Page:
No, not that CIA—the other one, in Hyde Park, New York: the Culinary Institute of America.
I’m an experienced cook. I’ve done my 10,000 hours in the kitchen, maybe even 10,000 hours chopping onions. I know about mise en place. I know how to mince a shallot. I have decent knife skills and can keep them sharp, too. I cook without recipes 99% of the time and nobody’s died yet.
I love to cook and love to learn, but I have no professional training. And so, when I got a cold call last summer from the CIA, inviting me to take on one of their Boot Camps, gratis, I pounced.
Boot Camps. They are two- to five-day culinary immersion (blenders) held at the CIA campuses in Hyde Park, New York, St. Helena, Calif., and San Antonio, Texas. Topics range from bistro fare to Asian cuisine, comfort food to grilling. The St. Helena campus offers wine-related camps, too, on things like wine tasting, wine and food pairing, and wine country cuisine.
The camps aren’t for credit, because they’re not aimed at professionals; they’re aimed at enthusiastic amateur cooks like me who want to experience professional-grade training. Instructors are often the same faculty who teach the undergraduate culinary students, and the training regimen is billed as a rigorous all-day affair.
Of course as a wine writer, I was drawn to the wine-related camps. But California is a schlep for me, so I chose the two-day Hors d’Oeuvres Boot Camp in Hyde Park. I figured there’d be some discussion of wine, because nobody eats hors d’oeuvres without wine, at least not at my house. I recruited a friend to join me, one of the best cooks I know. She’d contemplated attending culinary school as a kid, and had been hankering to take a CIA course for years.
We were instructed to muster for our Boot Camp orientation at 6 a.m., so we headed over a day early, checking into a well-appointed suite at the exceptionally convenient Residence Inn in Poughkeepsie. The inn’s just a few miles down the road from the Hyde Park campus, and our suite included a kitchen and sitting area, plus two lovely bedrooms into which, fatigued from all-day-on-our-feet travail, we could gratefully, privately, collapse.
On the first day of our camp, we rose at 5:15, and by 5:45 were wending our way toward Roth Hall, the impressive, colonnaded centerpiece of the school’s instructional facilities. Students in chef’s whites shuffled silently about us, bright ghosts in the October morning dark. It felt early to us, but it wasn’t early for them, because here the propane’s always burning. Students cook around the clock, just as they will, someday, in the kitchens of real life.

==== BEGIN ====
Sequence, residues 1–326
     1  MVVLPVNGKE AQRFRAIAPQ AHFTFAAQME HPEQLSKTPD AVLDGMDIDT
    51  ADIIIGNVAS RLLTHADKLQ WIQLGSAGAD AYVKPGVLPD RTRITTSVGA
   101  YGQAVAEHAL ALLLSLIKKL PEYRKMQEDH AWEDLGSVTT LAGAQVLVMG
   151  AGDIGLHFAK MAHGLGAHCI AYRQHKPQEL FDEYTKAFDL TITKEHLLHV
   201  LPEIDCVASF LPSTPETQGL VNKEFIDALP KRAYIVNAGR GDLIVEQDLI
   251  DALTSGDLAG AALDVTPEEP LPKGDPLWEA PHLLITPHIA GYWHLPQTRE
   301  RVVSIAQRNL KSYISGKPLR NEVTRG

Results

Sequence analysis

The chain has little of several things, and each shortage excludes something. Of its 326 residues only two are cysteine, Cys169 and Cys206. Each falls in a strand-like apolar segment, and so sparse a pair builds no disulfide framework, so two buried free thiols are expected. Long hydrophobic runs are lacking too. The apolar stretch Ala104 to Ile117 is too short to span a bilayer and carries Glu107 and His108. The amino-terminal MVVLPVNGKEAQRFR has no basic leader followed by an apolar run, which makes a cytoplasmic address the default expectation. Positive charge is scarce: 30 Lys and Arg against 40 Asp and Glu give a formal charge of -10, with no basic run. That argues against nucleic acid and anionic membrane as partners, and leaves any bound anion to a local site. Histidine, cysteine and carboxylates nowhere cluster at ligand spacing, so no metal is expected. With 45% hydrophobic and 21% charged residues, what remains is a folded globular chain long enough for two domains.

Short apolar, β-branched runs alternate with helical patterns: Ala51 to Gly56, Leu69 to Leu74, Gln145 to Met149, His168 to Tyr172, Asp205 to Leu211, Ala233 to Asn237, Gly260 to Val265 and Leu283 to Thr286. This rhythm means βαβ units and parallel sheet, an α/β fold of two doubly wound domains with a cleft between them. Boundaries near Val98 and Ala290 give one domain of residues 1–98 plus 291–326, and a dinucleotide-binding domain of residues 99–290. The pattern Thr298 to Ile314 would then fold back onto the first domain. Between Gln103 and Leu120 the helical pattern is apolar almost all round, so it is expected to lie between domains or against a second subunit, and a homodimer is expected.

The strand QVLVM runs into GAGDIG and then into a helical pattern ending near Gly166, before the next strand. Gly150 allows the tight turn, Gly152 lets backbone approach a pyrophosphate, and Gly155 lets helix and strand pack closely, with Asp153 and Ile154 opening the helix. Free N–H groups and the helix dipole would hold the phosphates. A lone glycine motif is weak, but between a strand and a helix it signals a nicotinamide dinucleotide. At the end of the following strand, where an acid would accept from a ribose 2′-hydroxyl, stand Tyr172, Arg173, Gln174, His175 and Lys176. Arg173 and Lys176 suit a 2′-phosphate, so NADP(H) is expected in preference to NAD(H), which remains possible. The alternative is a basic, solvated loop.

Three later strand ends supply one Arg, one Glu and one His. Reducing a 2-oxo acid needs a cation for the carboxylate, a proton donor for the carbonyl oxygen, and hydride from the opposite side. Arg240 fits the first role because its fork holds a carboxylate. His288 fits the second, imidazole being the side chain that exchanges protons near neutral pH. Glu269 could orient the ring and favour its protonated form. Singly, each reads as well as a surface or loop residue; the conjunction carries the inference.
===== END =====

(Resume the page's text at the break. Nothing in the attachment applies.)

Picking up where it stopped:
We registered, then shook hands with our fifteen or so classmates. Our chef-instructor (“just call me Chef”) handed us each a recipe binder, offered a brief lecture, then reviewed the recipes we were to cook over the next two days. There were crab cakes with rémoulade, sun-dried tomato and goat’s milk cheese tartlets, fig and walnut bruschetta, roast beef and Stilton tea sandwiches—and oh, so much more. Some recipes seemed complicated, but the instructions seemed clear. All sounded delicious.
Soon, we retreated to the restrooms to don our new blousy chef’s whites and Tyvek toques. Chef paraded us into the big teaching kitchen, offered an orientation to the equipment, and divvied us into small groups, assigning five recipes to each team. Go forth and cook. And make sure it’s ready by lunch.
We stood blinking at our prep stations—that’s it?
I had expected a bit more instruction. Knife skills, maybe. How to roll a perfect Swedish meatball. The proper way to pipe out pâte à choux. Nifty tricks for crafting garnishes that look like tiny birds. Something.
But we couldn’t waste time wondering, because in less than three hours our dishes were to be plated-out and served for lunch—our own lunch. At the CIA, students eat what students cook: the bakery class makes breads for the dining halls, the banquet class feeds a horde, the fine dining students serve visitors to the campus restaurants. Our lunch would be twenty different hors d’oeuvres.
My team huddled over the recipes and decided who’d make what. We might have devised some way to divide and conquer—one person chopping garlic, another running the cooktop—but there didn’t seem time to sort that out. So, I signed up for the sundried tomato goat cheese tartlets and smoked trout canapés. Someone else toddled off to figure out gougères. The other two cooks on my team each had one recipe, but one was a doozy: hand-made mozzarella, Prosciutto, and sun-dried tomato roulade.
We bumbled into one another as we peeled and chopped, rolled and tied, broiled and braised and fried and baked, trying not to drag our sleeves through the sauce.